The $600 Motorola Xoom is the first slate to run Android 3.0 (a.k.a. Honeycomb), Google's long-awaited operating system designed for tablets. Motorola wisely refrained from altering the stock experience, which means it's a chance for the world to see tablet computing exactly as Google intends.
Before getting into the Honeycomb experience, let's talk hardware. Motorola has put together a powerful slate featuring NVIDIA's 1 GHz dual-core Tegra 2 processor and a gigabyte of RAM. It makes for a slick, speedy experience; apps open instantly and run smoothly.
The only physical keys to be found anywhere on the device are a pair of volume control buttons on the left side and a power button on the back where the user's fingers curl under the display. Beside the power button is a five megapixel camera capable of capturing 720p video. A two-megapixel camera is centred above the screen on the front side.
A slot for microSD cards up to 32 GB in size - to complement the Xoom's 32 GB of onboard storage - sits on the top edge, though it won't work until Google releases a firmware update. The bottom side plays host to microHDMI, miniUSB, and plated power connectors for the docks Motorola is selling as optional accessories. However, multiple recharging solutions may not be critical given the slate's excellent battery life. I used the tablet casually for days without needing to recharge. Without formal testing, I'd warrant about 10 hours of power on a full charge under normal use.
With a screen measuring 10.1-inches, you might think the Xoom would be significantly larger than the 9.7-inch iPad, but Motorola's display has a 16:10 aspect ratio, which means the total real estate is actually a smidgeon less. The bezel is a little thinner, too, making for a noticeably smaller top surface area. That said, it is a few millimetres thicker and, at 730 grams, a couple of chocolate bars heavier than an iPad 2.
I wasn't overwhelmed by the 1280-by-800 resolution display's picture quality - blacks begin to appear washed out when viewed at even modest angles - but it was perfectly acceptable under most circumstances. Plus, the screen is made of Corning's durable Gorilla glass, making it highly resistant to scuffs and scrapes.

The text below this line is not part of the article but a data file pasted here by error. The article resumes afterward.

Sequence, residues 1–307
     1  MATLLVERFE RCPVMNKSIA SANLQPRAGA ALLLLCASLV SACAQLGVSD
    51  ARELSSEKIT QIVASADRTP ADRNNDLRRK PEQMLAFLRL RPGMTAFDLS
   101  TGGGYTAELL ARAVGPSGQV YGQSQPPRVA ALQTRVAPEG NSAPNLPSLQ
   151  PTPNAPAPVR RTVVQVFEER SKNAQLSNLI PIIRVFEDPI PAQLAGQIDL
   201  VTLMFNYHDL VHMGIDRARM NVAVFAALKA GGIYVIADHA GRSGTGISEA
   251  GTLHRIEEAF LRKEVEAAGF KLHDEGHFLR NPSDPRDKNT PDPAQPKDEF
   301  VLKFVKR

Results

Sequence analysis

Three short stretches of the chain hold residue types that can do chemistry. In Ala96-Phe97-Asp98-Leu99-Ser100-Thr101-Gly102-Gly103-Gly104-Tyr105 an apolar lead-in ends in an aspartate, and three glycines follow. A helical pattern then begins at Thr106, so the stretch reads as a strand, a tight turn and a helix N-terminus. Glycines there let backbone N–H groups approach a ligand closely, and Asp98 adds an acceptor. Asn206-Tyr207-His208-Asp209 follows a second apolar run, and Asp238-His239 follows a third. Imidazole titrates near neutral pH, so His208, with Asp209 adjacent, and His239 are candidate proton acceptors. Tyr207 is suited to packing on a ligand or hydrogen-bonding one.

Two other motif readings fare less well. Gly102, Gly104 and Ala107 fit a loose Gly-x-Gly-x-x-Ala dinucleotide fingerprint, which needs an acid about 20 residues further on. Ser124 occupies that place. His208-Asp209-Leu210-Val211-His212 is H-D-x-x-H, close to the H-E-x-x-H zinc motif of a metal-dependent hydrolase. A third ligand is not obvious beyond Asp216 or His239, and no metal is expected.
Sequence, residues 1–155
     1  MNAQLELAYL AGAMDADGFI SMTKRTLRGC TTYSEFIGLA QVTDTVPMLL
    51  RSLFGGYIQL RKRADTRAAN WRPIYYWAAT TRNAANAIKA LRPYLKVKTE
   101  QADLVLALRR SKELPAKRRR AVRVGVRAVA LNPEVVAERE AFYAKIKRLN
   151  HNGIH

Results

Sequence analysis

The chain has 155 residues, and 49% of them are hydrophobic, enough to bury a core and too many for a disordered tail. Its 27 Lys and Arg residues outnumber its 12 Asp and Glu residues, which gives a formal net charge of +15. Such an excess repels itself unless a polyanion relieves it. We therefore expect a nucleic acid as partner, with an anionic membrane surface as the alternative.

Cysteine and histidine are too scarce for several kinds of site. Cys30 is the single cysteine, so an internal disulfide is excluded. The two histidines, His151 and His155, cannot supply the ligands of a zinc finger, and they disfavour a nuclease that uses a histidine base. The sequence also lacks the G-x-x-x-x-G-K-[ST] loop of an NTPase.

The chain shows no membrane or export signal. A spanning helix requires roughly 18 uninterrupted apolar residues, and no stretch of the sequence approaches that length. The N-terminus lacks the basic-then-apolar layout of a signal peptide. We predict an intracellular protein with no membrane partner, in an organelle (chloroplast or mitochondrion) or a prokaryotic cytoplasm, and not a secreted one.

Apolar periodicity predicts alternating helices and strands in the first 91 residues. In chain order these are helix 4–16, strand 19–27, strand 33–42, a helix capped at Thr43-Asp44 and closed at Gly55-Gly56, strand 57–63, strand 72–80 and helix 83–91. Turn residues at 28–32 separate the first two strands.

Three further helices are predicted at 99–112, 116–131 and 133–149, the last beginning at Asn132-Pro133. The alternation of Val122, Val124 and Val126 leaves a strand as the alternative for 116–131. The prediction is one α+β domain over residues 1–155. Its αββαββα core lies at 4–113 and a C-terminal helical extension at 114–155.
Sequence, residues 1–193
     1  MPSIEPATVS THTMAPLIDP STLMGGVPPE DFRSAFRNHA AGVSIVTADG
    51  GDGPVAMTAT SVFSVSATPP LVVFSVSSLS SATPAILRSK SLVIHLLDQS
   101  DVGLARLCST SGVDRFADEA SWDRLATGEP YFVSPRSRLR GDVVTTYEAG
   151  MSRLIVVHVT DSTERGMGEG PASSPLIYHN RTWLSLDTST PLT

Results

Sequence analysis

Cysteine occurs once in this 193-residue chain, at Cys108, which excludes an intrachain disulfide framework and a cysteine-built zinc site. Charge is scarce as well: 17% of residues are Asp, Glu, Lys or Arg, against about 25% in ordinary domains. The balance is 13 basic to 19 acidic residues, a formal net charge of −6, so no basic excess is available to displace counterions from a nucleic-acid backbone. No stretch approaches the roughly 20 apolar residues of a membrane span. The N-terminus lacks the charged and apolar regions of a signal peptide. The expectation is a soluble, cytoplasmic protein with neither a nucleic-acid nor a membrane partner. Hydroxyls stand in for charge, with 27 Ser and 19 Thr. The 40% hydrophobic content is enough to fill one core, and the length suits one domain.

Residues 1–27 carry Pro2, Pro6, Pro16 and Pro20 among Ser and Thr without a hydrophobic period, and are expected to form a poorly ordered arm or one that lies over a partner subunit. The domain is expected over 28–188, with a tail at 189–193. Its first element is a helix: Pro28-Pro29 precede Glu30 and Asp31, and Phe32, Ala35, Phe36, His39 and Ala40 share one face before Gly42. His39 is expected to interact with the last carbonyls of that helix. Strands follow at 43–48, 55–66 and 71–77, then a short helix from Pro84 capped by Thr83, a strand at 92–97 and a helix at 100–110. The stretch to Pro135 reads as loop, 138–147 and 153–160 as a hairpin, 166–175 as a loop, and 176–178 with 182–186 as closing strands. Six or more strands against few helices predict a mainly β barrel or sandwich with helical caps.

Now, let's get back to the operating system. Earlier versions of Android simply weren't built with tablets in mind. Slates that use Android versions 1.9 through 2.2 have been functional in my experience, but the impression that they're just big phones has been hard to shake.
That's not the case with Android 3.0, an operating system clearly intended for larger displays that offers many features almost PC-like in their design and use.
The home screens start off more or less empty, with a Mac-like row of shortcuts leading to frequently used apps and services at the bottom. All five home screens can be quickly and easily personalized by tapping the "+" sign in the top right of the display, which leads to lists of apps, widgets, wallpapers, and other items that you can simply drag to the home screen of your choice. Android customization has never been so easy.
A persistent taskbar viewable in all apps sits at the bottom of the display. On the left side are three buttons; one to move back to previous apps, another that returns to the home screen, and a third that calls up your five most recent applications, which continue to run until closed. This last feature is a brilliant addition for multitasking, allowing users to jump between apps almost instantly.
The right side of the task bar is home to a clock, network manager, battery gauge, and a download status indicator. The corner also plays host to pop-up notifications for e-mail, calendar events, and instant messages.
The Web browser, meanwhile, offers tabbed browsing and support for Flash 10.2. It's in many ways similar to using Google Chrome on a PC, and far and away the most robust and intuitive Internet browsing experience I've had with a tablet.
Honeycomb's large, responsive, and precise virtual keyboard feels good and makes data entry a breeze. However, an alternate interface exists in a mic button in the top left corner of the desktop that activates a variety of voice recognition features ranging from web searches and map directions to sending e-mail and listening to music. I spent only a little time with voice recognition but it seemed to work extremely well; saying "listen to Willow Smith" returned dozens of YouTube videos featuring Will and Jada's daughter.
Road warriors will want to take note that this first Xoom is WiFi only. Motorola says other models - presumably designed with mobile data plans in mind - are in the works. Until then, if you want to use the Xoom on the go you can pair it with an Android handset with hotspot functionality (Android 2.2 or higher).
The Xoom can handle all of the things we've come to expect from a slate while moving one step closer to a more powerful PC experience. This should make it appealing to users with professional ambitions. In fact, a Motorola rep suggested that he thought it was a "viable replacement" for a netbook or laptop. I wouldn't go quite that far, but it is one of the best bridges yet between the tablet and PC worlds. I'd wager plenty of gadget buyers have been waiting for just such a crossing.